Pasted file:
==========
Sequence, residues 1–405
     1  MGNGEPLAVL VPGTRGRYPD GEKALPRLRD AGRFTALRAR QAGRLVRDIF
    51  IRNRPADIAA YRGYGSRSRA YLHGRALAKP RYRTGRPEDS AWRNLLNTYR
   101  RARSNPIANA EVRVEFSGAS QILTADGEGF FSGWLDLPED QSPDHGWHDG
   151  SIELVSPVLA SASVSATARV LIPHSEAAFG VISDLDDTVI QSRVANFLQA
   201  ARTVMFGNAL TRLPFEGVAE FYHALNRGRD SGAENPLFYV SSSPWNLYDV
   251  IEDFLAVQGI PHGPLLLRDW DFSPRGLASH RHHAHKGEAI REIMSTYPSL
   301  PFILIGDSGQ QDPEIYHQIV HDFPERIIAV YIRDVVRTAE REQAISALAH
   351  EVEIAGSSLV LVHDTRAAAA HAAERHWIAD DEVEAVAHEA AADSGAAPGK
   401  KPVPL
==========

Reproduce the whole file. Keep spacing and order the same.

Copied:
Sequence, residues 1–405
     1  MGNGEPLAVL VPGTRGRYPD GEKALPRLRD AGRFTALRAR QAGRLVRDIF
    51  IRNRPADIAA YRGYGSRSRA YLHGRALAKP RYRTGRPEDS AWRNLLNTYR
   101  RARSNPIANA EVRVEFSGAS QILTADGEGF FSGWLDLPED QSPDHGWHDG
   151  SIELVSPVLA SASVSATARV LIPHSEAAFG VISDLDDTVI QSRVANFLQA
   201  ARTVMFGNAL TRLPFEGVAE FYHALNRGRD SGAENPLFYV SSSPWNLYDV
   251  IEDFLAVQGI PHGPLLLRDW DFSPRGLASH RHHAHKGEAI REIMSTYPSL
   301  PFILIGDSGQ QDPEIYHQIV HDFPERIIAV YIRDVVRTAE REQAISALAH
   351  EVEIAGSSLV LVHDTRAAAA HAAERHWIAD DEVEAVAHEA AADSGAAPGK
   401  KPVPL